I have begged and pleaded for attention, for him to sit and talk to me. Eighteen months ago, I dragged him to a marriage therapist, and he cheerfully agreed with all I said. He never gets me presents. He said to the therapist, "She doesn't ask, she doesn't get." After years of a mundane sex life, I finally came alive on a vacation, read and studied about sex on my return (I was 20 when I married), and for a year, our sex life was unbelievable. Then he did it again: cut me off of sex to punish me for not doing what he wants, just little things around the house, or whatever. I am not allowed to move furniture, not even a chair. He got upset half an hour ago because I am home today from work, and in a cleaning mode. Took a pair of his pants that have been hanging in the powder room for nearly a year, and said, "Okay, just what is the matter with these pants?" They have a tiny smudge of oil on them, and it's not my business to interfere with his pants. Yadayadayada. I told him I am doing it, cleaned them with cleaning fluid, and washed them. Whether they will come clean or not, they're gone from the bathroom. But he was getting threatening again about my tone of voice. I am not to sound even a tiny bit annoyed or I'm (as you said in the book) a "nagging bitch." I have been told for years that I am impractical in my wants, and that's not real marriage, wanting attention, wanting to talk or watch TV, etc. Now I find that your book is talking about EXACTLY what I wanted.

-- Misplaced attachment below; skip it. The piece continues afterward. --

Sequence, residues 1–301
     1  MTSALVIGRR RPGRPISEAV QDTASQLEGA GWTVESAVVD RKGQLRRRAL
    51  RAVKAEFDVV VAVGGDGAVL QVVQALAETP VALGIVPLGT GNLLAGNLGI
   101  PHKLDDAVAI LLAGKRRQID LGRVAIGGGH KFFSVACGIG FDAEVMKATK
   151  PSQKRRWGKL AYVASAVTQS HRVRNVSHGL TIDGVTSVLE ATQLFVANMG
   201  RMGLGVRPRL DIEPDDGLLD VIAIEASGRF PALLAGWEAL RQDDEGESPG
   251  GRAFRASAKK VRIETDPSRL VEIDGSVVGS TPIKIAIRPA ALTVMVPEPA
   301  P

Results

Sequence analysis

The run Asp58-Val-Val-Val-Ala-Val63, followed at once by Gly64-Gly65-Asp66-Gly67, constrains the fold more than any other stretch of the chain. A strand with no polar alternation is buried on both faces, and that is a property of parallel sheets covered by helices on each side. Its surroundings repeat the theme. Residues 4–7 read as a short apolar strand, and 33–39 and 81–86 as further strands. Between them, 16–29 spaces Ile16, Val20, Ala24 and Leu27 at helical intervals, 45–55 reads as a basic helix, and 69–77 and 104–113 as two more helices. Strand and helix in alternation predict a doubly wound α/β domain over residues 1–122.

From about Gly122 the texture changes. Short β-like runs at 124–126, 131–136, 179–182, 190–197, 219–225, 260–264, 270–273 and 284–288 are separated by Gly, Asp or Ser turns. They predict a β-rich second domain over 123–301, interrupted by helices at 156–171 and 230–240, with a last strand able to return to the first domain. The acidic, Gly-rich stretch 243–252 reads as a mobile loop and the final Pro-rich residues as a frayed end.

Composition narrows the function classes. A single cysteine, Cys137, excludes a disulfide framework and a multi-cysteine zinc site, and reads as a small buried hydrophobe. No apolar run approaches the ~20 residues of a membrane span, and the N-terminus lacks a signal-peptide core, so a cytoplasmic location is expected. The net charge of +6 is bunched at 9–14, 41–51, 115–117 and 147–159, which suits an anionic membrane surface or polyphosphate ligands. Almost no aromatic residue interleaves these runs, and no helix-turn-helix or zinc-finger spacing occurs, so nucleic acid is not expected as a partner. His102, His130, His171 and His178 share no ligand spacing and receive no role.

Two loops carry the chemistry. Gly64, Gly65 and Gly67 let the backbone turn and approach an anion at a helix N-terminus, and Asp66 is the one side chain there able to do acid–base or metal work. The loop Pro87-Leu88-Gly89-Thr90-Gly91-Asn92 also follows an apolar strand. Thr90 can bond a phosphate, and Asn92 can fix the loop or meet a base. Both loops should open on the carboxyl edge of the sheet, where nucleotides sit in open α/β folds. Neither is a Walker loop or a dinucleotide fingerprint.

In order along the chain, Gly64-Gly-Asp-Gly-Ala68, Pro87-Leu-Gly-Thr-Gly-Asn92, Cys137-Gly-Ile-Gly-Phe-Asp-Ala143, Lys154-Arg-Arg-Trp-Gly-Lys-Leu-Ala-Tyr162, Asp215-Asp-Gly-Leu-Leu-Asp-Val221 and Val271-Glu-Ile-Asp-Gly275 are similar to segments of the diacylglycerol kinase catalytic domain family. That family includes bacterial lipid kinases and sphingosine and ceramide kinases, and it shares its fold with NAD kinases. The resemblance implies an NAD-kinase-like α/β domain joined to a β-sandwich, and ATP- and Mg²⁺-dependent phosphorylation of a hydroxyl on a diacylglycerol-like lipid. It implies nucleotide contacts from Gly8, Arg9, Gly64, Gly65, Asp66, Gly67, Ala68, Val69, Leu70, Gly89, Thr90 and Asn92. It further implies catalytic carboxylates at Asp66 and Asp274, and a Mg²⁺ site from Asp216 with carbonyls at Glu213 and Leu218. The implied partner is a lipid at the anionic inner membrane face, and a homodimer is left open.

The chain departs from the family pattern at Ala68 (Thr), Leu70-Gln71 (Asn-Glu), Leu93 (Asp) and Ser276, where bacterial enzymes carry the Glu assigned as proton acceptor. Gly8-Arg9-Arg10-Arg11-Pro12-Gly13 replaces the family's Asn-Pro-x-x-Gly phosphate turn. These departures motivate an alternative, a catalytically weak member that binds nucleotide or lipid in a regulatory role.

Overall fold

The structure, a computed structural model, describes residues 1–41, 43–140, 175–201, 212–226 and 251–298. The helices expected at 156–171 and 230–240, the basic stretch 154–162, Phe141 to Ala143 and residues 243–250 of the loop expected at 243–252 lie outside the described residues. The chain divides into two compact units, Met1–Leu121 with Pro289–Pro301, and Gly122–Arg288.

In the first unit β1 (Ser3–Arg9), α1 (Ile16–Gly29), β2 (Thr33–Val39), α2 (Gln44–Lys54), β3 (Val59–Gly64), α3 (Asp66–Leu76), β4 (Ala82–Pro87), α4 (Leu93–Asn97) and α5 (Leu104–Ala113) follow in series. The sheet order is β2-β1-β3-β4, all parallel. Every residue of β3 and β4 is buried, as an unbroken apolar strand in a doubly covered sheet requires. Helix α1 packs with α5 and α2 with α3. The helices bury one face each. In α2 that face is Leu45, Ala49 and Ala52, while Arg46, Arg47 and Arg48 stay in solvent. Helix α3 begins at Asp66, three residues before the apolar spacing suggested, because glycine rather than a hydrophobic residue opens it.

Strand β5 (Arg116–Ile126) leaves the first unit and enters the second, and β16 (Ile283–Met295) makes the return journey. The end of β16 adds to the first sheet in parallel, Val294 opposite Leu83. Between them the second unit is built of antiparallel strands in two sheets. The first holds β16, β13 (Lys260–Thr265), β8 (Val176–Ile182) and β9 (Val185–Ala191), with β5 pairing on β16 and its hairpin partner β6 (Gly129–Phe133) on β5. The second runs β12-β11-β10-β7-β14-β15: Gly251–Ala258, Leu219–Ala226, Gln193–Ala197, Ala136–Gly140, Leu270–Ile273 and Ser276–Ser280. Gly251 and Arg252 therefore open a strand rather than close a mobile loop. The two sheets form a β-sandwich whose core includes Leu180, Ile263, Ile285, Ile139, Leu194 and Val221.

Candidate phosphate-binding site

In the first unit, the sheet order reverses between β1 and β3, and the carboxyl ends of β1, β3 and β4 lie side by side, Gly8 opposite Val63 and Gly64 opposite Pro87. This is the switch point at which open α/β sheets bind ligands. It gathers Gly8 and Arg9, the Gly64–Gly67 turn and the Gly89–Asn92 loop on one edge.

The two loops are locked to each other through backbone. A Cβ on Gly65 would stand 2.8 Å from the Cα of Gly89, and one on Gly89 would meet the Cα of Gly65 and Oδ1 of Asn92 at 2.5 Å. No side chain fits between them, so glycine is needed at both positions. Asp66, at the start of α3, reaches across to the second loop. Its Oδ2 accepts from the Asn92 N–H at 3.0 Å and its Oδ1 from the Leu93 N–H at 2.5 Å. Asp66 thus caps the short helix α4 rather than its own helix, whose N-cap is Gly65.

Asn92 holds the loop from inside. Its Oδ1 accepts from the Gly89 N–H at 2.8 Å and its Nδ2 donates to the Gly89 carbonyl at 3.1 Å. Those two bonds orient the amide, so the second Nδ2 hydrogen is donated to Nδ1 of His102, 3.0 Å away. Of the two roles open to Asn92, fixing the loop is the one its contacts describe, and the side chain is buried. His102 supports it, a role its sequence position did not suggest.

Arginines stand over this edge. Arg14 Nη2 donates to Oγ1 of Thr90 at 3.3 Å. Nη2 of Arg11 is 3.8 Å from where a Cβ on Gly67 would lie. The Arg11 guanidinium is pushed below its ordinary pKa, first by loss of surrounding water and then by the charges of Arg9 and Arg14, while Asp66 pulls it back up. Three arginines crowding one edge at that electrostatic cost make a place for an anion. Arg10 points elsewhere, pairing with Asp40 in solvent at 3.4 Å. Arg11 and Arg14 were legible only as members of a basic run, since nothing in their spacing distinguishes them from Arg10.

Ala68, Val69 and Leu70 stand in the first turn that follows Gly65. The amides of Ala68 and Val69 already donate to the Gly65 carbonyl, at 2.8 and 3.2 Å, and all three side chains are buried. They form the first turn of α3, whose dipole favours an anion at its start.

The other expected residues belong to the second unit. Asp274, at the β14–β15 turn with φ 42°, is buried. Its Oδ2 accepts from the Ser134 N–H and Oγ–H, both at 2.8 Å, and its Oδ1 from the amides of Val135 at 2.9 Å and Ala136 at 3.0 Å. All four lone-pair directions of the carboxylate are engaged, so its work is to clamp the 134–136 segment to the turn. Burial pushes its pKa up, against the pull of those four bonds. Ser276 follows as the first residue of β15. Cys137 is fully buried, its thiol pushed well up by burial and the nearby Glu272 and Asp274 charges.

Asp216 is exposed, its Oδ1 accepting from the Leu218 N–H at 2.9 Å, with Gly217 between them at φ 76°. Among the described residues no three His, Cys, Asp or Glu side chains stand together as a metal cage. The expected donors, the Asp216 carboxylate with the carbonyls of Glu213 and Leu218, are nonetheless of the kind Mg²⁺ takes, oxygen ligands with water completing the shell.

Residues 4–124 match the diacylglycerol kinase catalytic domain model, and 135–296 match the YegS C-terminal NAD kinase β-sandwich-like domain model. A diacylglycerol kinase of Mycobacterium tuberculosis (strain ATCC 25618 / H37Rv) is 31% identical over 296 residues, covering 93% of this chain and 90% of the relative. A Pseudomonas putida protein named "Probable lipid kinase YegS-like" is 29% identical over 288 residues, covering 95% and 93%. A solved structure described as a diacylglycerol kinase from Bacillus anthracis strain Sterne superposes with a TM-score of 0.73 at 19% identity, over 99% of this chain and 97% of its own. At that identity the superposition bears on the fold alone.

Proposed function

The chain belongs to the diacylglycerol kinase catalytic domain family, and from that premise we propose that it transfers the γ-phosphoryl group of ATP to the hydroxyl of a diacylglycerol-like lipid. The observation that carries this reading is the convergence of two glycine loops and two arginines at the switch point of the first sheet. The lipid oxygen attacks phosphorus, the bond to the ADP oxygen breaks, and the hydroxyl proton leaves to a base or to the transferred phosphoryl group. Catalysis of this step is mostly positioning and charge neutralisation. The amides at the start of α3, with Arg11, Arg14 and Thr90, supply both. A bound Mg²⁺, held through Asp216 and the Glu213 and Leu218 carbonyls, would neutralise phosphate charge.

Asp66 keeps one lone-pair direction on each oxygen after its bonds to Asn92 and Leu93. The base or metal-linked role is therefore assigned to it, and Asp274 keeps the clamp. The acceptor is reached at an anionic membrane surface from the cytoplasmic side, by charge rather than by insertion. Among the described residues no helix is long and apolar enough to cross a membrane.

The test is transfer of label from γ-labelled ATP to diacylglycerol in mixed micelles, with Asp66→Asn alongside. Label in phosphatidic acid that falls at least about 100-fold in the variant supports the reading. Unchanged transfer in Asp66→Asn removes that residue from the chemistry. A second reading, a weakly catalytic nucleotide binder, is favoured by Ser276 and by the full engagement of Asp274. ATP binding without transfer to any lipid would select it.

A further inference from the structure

I have a few good friends who invite me to their homes, although they are not to come here. We have entertained two couples, apart from my family, in over 45 years of marriage. He has never given me money--I either earn it or go without. . . .